Updated 10 months ago
California’s vineyards are latecomers. Florida has had wine since the French Huguenots planted grapes here and made their own — call it First Wine in the First City.
Accordingly, 450 years later, St. Augustine alone has at least three spots devoted to tasting wine: The city-slick Cellar 6, the Spanish-focused Tasting Room and the San Sebastian winery stocked with wines made and grown in Clermont.
In an era soaked in craft beer and crafty cocktails, wine bars in varying formats are opening and expanding from Jacksonville to Fort Myers.
For all wine’s sophisticated status, restaurateurs say wine bars are seen as homier and more female-friendly than cocktail bars, old school or new. Craft beer does cost less for more drink, but wine is right-sized to fit Mediterranean menus, tapas portions and a new passion for fine ingredients.
“There’s something about wine and food that evokes conversation and good friends,” says Chad Munsey. He opened Jacksonville’s Ovinte last year and is eager to start a second.
Munsey knows wine and Jacksonville: He grew up there but lived and worked in Sonoma and Santa Barbara for five years and made his own wine of California grapes flying Florida colors as Huguenot Cellars.
For his latest project, Munsey morphed the longstanding Original Pancake House into a sleek 180-seat spot with patio and bocce court outside and small plates, artisanal cheeses and charcuterie inside with a strong accent on wine. He does serve beer and spirits, but there are 75 U.S. and Euro wines by the glass, 25 of them from tech chic machines that dispense in 1-, 2- and 4-ounce pours.
These devices are increasingly popular around Florida but often expensive: Munsey has dialed in some lower prices so guests can taste an ounce for less than $2.
Cooper’s Hawk, Tampa
The newest wine bar is the massive Cooper’s Hawk in Tampa, a magnum of innovation that was invented in Chicago and spills over most traditional boundaries.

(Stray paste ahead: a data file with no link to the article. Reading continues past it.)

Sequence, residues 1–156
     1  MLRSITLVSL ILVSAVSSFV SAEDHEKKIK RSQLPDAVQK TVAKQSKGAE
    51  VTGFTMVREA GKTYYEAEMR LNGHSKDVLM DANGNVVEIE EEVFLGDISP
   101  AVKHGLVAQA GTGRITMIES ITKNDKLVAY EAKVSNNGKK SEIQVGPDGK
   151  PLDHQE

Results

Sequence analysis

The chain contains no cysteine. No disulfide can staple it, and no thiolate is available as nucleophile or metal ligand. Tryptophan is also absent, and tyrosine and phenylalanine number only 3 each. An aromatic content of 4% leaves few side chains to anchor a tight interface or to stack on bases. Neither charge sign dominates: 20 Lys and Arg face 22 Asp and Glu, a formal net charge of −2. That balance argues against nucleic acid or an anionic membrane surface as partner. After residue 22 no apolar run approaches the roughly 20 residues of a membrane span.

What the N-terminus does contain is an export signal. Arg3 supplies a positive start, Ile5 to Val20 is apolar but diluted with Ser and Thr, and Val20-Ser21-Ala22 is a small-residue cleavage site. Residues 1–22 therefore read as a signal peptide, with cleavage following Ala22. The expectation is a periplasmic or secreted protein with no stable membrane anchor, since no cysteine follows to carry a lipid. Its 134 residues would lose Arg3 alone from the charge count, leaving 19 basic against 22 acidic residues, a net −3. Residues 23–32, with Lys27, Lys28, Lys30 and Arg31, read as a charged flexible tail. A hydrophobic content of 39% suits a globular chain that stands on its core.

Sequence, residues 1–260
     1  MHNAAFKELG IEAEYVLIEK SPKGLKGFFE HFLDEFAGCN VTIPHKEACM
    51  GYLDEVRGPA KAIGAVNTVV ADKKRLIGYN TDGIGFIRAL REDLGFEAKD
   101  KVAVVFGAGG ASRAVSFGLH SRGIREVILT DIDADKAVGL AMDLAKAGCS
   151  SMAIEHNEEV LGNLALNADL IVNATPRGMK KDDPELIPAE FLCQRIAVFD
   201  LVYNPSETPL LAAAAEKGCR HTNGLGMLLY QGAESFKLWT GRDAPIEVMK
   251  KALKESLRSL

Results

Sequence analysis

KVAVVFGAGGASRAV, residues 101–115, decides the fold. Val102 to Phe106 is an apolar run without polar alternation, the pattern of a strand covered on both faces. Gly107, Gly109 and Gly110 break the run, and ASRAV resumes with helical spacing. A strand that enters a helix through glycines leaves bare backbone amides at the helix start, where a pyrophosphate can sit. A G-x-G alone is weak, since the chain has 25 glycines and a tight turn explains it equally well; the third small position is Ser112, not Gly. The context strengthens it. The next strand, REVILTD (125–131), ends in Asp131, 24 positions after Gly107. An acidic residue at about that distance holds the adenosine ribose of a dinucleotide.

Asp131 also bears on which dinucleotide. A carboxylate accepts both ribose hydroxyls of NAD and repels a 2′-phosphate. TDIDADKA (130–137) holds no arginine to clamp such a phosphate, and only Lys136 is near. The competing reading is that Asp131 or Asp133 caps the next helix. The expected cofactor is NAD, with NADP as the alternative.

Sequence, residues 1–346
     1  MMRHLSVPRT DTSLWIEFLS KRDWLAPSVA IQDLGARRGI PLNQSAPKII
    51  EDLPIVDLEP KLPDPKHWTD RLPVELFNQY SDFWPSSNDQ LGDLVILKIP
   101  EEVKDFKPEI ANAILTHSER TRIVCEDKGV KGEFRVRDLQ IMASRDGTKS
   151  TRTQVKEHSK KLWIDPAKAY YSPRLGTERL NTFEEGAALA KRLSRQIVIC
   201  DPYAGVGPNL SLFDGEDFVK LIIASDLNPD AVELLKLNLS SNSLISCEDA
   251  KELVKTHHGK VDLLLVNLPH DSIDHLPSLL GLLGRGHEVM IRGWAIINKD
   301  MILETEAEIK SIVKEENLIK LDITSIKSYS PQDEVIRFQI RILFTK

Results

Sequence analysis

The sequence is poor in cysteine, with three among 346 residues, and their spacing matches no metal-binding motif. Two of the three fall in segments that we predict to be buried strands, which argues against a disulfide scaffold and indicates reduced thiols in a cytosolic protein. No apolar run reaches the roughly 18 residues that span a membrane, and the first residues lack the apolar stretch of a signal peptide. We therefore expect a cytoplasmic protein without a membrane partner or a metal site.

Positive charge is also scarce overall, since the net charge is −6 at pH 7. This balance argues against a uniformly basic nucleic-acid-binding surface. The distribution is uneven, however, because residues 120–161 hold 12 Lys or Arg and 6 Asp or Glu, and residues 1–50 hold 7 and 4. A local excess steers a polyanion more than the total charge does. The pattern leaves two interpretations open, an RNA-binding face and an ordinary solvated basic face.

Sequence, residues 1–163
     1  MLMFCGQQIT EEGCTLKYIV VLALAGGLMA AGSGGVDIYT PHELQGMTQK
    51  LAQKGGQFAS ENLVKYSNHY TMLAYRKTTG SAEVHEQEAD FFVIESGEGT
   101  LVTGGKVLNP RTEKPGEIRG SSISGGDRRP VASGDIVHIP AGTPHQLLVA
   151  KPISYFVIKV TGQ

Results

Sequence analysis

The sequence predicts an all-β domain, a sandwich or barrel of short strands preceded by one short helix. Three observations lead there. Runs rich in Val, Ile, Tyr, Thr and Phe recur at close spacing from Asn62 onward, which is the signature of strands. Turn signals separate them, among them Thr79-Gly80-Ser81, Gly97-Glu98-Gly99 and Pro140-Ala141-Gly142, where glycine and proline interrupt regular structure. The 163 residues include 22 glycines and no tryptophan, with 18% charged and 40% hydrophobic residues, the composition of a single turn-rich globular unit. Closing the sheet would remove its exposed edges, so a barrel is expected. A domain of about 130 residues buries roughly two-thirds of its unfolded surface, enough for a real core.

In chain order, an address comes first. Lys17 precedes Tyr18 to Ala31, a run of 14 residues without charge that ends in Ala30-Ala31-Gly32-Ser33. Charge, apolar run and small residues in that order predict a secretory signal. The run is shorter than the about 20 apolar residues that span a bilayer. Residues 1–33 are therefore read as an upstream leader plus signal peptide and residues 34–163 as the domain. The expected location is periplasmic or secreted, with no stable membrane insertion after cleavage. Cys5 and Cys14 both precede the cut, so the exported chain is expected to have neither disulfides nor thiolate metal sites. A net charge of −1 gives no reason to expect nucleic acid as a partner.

The restaurant is the first location outside the Midwest for the 12-unit chain, which has its own winery. The restaurant serves only Cooper’s Hawk wines, which are made in Illinois, but they amount to more than 50 labels made from juice and wines bought in bulk largely from vineyards on the West Coast. It makes 250,000 cases a year, and hired a former president of the Cheesecake Factory as its COO.
The wines are identified only by grape, from merlot to barbera or gewurztraminer, and vintage and vineyard are not named.
Selection is big enough to include lesser varietals such as petite sirah, a few “lux” bottlings of reserve wines and an unabashed openness to sweeter grapes and fruit wines (the rhubarb is a surprise hit) and fruit beverages. Cooper’s is also setting up partnerships with Italian and Argentine vintners.
John Washburn’s Imperial Wine Bar in Orlando pairs boutique wines with vintage furniture and architectural salvage (plus beer, cocktails and roving food trucks) for a warm funky feel. And he’s added another wine bar inside Washburn Imports in downtown Sanford, which has a similar taste for wine and antiques.
The wine bar got Miami flash and Italian zest when Cibo opened two years ago to wow Miracle Mile. The wines are deep (with ’90s Shafer, ’70s Beaulieu Vineyards and endless Italians), and the food is robust (salumeria, porcini risotto and farfalle with spinach and capers from chef Massimo Giannattasio). It’s such a hit that Canadian impresario Nick Di Donato plans another in South Beach and one in Toronto.
For less expensive wining while dining, patronize a wine bar that is attached to a store. That can be done at Wine Worlds started by Chan Cox, a Panhandle wine merchant and founder of its biggest wine festival. He now has five Wine Bars from WaterColor to Palafox in downtown Pensacola, with hundreds of wines to buy and open.
Likewise at Shoals on Fort Myers Beach. Diners can shop the adjoining Sandy Butler market and wine store and take the bottle to the dining room for a $5 corkage fee above retail. Shoals uses its retail connection to price the main dining room wine well below traditional retail with more than 20 wines at $5 to $6 a glass and under $20 a bottle